Watch any daily White House press briefing, and you’ll get the idea.

Every president grows exasperated by these “process” grillings. But (almost) every one of them knows what to say in response. Some are better at answering, some are worse, but all are operating on familiar terrain. It’s the equivalent of watching pro tennis players hitting crosscourt warmup shots. The balls come across the net really fast, but you can guess where they will land.

The questions that come in from the public are different. Overwhelmingly they are about the broader what of governance and public life, not about the political how or who.

Twenty-five years ago, in my book Breaking the News, I contrasted the questions that first-term president Bill Clinton got from a group of teenagers at a Town Hall-type session in Boston, with those at a normal press conference. I’m giving the full list of student questions here, which you can quickly scan through to get two impressions. One is how different these queries are from what you hear at a standard press briefing. The other is how similar they are to what people at Biden’s Town Hall asked.

The Clinton-era list:

  • "We need stronger laws to punish those people who are caught selling guns to our youth. Basically, what can you do about that?"                                                               

  • "I notice that often it's the media that is responsible for the negative portrayal of young people in our society." What can political leaders do to persuade the media that there is good news about youth?
                                                                    

  • Apprenticeship programs and other ways to provide job training have been valuable for students not going to college. Can the Administration promote more of these programs?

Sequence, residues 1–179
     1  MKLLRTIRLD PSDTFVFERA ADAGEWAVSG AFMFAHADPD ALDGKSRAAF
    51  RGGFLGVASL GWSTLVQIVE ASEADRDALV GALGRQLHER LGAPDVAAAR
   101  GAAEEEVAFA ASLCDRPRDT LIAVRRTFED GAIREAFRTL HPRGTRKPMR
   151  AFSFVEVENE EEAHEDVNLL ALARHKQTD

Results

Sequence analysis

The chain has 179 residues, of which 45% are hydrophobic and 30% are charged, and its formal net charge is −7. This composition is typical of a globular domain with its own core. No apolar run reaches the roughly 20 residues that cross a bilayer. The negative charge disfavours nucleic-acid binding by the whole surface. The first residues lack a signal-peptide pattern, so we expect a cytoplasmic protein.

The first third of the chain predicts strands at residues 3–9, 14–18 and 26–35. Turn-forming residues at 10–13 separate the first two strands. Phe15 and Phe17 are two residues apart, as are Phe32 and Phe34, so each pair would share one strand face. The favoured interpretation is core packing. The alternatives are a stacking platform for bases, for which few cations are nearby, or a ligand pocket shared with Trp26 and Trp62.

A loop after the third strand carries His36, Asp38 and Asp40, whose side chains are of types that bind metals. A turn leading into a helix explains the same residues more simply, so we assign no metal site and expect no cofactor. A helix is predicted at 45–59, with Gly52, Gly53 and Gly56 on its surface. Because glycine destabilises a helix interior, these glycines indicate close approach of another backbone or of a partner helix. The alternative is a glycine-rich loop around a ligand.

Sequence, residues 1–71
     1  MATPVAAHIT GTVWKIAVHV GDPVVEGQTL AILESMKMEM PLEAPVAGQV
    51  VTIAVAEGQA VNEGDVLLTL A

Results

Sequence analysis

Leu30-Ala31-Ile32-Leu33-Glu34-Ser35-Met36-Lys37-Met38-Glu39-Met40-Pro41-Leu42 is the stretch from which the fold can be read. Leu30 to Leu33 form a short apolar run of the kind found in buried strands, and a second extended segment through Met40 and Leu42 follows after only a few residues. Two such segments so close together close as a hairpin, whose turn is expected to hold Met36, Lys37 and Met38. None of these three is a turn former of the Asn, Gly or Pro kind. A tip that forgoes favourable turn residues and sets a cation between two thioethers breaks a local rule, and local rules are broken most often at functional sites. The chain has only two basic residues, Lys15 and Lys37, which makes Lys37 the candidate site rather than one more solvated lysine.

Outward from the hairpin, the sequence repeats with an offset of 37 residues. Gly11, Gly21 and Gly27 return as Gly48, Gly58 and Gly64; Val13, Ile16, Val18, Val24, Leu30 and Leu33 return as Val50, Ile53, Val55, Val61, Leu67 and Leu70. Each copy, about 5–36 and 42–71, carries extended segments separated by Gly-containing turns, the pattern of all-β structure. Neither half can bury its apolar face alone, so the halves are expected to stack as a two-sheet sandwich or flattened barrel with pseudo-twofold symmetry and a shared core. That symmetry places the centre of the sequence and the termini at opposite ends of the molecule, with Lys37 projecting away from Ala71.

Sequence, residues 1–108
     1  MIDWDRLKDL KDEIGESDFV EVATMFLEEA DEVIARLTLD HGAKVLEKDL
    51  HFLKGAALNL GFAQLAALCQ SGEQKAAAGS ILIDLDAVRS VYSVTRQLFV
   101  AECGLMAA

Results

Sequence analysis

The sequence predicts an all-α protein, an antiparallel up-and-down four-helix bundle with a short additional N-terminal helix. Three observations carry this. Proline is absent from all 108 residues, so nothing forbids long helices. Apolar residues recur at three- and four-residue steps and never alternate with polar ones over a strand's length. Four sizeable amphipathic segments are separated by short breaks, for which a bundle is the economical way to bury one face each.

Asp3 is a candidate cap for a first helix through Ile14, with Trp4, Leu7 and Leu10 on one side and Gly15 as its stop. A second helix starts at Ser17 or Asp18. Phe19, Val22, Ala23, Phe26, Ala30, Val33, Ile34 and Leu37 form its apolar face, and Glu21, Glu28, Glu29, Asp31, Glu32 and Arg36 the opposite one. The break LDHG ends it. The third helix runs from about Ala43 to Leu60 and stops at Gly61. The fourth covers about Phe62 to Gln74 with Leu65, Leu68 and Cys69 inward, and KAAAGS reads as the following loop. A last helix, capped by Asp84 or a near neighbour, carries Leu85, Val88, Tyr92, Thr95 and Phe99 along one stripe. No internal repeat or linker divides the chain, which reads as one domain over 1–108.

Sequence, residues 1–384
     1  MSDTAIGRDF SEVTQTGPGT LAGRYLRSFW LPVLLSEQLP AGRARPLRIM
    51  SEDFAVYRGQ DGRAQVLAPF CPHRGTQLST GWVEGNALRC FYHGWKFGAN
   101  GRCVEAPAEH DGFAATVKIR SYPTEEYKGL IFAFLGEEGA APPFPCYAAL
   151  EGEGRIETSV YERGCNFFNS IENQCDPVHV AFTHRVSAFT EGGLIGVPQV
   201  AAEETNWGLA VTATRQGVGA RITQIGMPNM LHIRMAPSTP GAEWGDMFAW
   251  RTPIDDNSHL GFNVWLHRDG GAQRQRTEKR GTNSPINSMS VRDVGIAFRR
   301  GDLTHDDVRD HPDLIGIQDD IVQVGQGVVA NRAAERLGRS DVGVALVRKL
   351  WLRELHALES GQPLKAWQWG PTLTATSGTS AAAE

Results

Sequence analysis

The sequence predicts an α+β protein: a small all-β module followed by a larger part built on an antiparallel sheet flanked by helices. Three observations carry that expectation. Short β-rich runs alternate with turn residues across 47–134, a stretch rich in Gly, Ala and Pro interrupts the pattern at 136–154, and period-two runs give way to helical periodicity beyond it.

• Programs designed to keep teenagers away from drugs and gangs often emphasize sports and seem geared mainly to boys. How can such programs be made more attractive to teenage girls?
                                                                    

  • What is it like at Oxford? (This was from a student who was completing a new alternative-school curriculum in the Boston public schools, and who had been accepted at Oxford.)
                                                                    

  • "We need more police officers who are trained to deal with all the other different cultures in our cities." What can the government do about that?
                                                                    

  • "In Boston, Northeastern University has created a model of scholarships and other supports to help inner-city kids get to and stay in college. ... As President, can you urge colleges across the country to do what Northeastern has done?"

With those as a guide, you can scan through the transcript of the latest Biden Town Hall questions, to see how similar in spirit they are.

I’ll add just one example, the very first question, from Nicholas Vaught, of Morgan State: